My decision not to support the reappointment of Susan Segal
as City Attorney has gotten a bit of interest and generated some
I’m going to take the
opportunity to share some additional thoughts below the fold.
To see my original statement on this reappointment,
First, I want to make clear again that I value Ms. Segal and
the work she has done on behalf of the City of Minneapolis.
Her supporters have pointed out her great
work on the pension litigation and defending Ranked Choice Voting at the Supreme
I agree that those were major
successes, and that Susan played an integral role in them. But f
or the reasons that I outlined – especially her
handling of the Vikings Stadium opinion – I cannot support her reappointment,
despite all of that great work.
her to be reappointed, and look forward to working constructively with her in
A few things about my statement on the Vikings Stadium
opinion have gotten some comments from my colleagues, and I think I should
clarify some things.
The fact that I requested an opinion from the City Attorney’s
Office in January of 2012 and only received a response in April of that year has gotten
some notice. Some of this is due to the
fact that Council Member Blong Yang asked about it in the Ways and
Means committee yesterday. Ms. Segal
responded that she did not recall receiving the requests from me. I offered to share the emails detailing his
requests with my colleagues so that they could see that I did indeed make those requests.
There seems to be some sort of disagreement about what
constitutes a “request for an opinion.”
One of my colleagues has expressed an opinion that my request was not
really a request, because it was not a formal staff direction made by the
Council. I find this a little confusing,
because individual Council Members ask for opinions from the Attorney’s Office
all the time. When a CM is working on an
ordinance change, for example, it is common practice to send an individual
email from that CM to the appropriate attorney and ask for review. The CAO tends to be very prompt and
professional in their responses. This
situation – in which I asked for an opinion in January, again in March, and
again in April before finally receiving a response – is notable for its
rareness. A response from the CAO in
January that in this instance she would not provide this opinion to one individual CM, but only
in response to a direction from the Council would have been appropriate and
welcome. Instead I heard no response at
all for approximately three months.
All of this is a little bit of a distraction from the
main concern I have about Ms. Segal’s handling of the Vikings Stadium deal,
which is that, in my estimation, her opinion on the Vikings Stadium deal was wrong.
I expressed that opinion at the time.
Judge Bush has since agreed in his formal ruling. That ruling dismisses the contortions that
the CAO went through to explain how sales taxes, which are explicitly defined
as “City resources” in the stadium clause of the charter, were not “City
resources.” I’d encourage everyone to
There seems to be an argument out there that the blame
for the Vikings Stadium vote belongs with the seven Council Members who voted
for it, or even the Legislature and Governor who supported a bill that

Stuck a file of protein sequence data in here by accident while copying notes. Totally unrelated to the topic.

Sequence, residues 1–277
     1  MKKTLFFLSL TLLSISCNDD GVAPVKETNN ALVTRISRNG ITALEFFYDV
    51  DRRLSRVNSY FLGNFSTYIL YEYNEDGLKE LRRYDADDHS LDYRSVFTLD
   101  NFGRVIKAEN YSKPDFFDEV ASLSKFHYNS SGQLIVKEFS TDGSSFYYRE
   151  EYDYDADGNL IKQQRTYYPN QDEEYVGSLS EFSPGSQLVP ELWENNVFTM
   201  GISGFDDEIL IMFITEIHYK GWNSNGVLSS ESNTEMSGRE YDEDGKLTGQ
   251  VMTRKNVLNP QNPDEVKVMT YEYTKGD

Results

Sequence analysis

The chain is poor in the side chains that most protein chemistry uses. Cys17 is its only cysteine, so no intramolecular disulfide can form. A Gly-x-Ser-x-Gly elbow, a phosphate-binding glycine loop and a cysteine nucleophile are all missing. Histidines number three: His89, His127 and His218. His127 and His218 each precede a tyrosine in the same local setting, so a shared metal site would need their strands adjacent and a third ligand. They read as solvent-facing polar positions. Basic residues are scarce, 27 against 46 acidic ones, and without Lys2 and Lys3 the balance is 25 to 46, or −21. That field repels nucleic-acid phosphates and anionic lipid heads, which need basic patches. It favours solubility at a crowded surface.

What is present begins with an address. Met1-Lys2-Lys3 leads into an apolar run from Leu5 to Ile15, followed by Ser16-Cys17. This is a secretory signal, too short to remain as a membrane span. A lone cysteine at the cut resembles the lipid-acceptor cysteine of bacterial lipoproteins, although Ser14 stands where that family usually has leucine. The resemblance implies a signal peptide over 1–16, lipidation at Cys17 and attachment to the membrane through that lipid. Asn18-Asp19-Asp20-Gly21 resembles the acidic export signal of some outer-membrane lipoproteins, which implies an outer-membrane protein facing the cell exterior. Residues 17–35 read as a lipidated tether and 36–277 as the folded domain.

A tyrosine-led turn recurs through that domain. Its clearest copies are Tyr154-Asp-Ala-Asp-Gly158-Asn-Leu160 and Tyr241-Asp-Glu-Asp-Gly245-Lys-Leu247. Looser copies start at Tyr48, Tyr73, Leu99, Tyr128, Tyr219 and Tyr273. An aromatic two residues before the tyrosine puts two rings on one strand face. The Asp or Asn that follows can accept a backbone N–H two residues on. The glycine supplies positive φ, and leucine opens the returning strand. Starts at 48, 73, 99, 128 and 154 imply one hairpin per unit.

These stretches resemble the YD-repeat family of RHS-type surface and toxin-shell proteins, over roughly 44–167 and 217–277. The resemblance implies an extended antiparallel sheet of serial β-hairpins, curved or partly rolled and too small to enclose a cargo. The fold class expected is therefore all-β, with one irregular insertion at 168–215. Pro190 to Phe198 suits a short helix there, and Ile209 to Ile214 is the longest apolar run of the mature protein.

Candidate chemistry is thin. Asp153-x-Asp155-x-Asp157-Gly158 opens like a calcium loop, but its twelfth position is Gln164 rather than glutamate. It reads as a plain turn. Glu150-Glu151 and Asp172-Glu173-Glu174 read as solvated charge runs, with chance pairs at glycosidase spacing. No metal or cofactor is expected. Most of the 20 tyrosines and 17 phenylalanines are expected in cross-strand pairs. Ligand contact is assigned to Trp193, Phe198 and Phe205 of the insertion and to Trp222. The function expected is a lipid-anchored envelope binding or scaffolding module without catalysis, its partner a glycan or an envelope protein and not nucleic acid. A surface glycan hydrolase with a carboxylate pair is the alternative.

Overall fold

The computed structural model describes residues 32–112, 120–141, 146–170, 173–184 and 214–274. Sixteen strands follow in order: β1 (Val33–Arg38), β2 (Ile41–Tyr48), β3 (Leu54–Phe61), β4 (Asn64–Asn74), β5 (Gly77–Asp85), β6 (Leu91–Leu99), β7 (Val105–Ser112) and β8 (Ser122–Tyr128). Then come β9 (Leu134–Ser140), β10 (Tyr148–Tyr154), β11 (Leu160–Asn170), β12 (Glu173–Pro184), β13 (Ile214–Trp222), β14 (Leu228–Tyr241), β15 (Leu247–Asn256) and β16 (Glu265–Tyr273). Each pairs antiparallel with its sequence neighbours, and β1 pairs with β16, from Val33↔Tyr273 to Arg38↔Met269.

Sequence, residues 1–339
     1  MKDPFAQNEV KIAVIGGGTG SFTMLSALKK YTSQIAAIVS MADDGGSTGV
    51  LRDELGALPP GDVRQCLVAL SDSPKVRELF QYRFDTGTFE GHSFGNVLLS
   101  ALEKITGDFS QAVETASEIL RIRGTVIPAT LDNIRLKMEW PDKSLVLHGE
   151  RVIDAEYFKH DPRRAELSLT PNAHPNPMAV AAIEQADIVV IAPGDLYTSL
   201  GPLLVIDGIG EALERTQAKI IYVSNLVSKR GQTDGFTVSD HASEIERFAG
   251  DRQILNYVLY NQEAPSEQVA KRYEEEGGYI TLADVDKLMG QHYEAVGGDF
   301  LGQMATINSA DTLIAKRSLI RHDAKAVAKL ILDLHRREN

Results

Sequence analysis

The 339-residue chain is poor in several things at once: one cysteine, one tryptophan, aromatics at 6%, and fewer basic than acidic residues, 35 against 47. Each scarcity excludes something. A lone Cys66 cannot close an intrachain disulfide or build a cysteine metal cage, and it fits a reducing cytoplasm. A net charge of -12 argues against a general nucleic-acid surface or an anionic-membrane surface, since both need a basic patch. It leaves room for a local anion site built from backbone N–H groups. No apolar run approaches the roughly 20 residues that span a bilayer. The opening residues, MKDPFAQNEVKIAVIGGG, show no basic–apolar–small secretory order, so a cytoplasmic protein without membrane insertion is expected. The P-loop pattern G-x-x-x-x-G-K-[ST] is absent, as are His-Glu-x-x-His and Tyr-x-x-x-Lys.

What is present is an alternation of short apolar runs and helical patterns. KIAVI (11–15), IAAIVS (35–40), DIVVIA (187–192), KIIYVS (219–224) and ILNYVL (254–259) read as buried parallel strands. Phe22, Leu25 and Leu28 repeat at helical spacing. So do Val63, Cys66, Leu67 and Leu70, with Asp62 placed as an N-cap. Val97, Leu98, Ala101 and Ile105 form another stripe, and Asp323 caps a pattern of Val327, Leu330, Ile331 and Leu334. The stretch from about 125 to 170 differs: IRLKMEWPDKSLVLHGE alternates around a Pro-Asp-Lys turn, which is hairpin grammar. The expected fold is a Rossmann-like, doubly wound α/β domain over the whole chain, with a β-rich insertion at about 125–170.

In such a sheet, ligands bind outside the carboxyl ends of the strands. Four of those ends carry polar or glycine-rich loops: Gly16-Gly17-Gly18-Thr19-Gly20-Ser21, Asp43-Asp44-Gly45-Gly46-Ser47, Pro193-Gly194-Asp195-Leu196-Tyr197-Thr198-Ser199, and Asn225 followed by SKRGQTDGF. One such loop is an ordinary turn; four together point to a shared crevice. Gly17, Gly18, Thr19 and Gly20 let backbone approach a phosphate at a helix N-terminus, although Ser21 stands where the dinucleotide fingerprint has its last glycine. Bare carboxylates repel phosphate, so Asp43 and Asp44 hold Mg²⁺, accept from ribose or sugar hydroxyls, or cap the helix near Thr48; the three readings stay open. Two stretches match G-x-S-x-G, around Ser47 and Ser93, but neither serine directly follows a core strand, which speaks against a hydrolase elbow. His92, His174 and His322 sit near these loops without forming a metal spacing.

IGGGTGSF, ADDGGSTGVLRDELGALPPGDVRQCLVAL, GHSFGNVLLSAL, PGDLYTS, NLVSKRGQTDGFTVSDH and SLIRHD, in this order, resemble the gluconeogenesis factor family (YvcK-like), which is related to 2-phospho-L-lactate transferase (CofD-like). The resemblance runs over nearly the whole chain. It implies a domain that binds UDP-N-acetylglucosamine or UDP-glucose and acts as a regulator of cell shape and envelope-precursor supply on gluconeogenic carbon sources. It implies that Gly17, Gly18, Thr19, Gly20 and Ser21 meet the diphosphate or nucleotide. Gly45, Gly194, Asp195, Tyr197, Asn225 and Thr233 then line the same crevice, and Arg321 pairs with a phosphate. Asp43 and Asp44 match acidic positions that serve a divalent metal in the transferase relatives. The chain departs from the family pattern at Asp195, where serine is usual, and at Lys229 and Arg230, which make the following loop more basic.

superseded the Minneapolis Charter, not the City Attorney. I agree that the ultimate authority belongs
with the policymakers, but that does not mean, from my perspective, that the
City Attorney bears no responsibility.
Yes, the legislation superseded the Charter – but it only
took effect after an affirmative vote of
the Council. In effect, the Council
gave permission to the legislature to overrule our Charter. That vote, which passed on a 7-6 majority,
was itself in my view a violation of the Charter. It is something we should not have done.
The opinion of the City Attorney made that vote to
disregard the Charter possible. At least
one Council Member stated, for the public record, that she based her vote in favor of the
stadium deal in large part on the opinion of the City Attorney that a “yes” vote
would not violate the Charter. A judge
has subsequently ruled very clearly that this advice was wrong.
The City Attorney must be able to give the Mayor and
Council legal advice that we don’t want to hear. As Mayor Hodges said at the Ways and Means committee meeting on Monday, we don't always have to like the City Attorney's opinion, but we should always be able to trust it.
Well, I did not trust her opinion in this case, and I think my distrust was warranted. I do not believe that she gave us sound legal advice about the stadium deal. I believe that under considerable
pressure from powerful policymakers – the Governor, majorities in the
legislature, the Council President and a slim Council majority – she developed
a contorted legal justification for the answer that these powerful policymakers
wanted to hear; a justification that has since been rejected by the courts. In doing so, Ms. Segal did not represent the
interests of the whole City enterprise, including the six Council Members who
voted against the stadium deal. But more
importantly, I do not believe that in this case the City Attorney gave the City
good, independent, and accurate legal advice.
In part due to the City Attorney’s failure to give good,
independent, and accurate advice, the City Council made what is, in my
estimation, a terrible mistake. There is
enough blame to go around, and most of it belongs with the policymakers who
voted for the stadium deal. But in my
opinion, Ms. Segal bears some of the responsibility for this public policy
failure, and that is a major part of why I will vote against her reappointment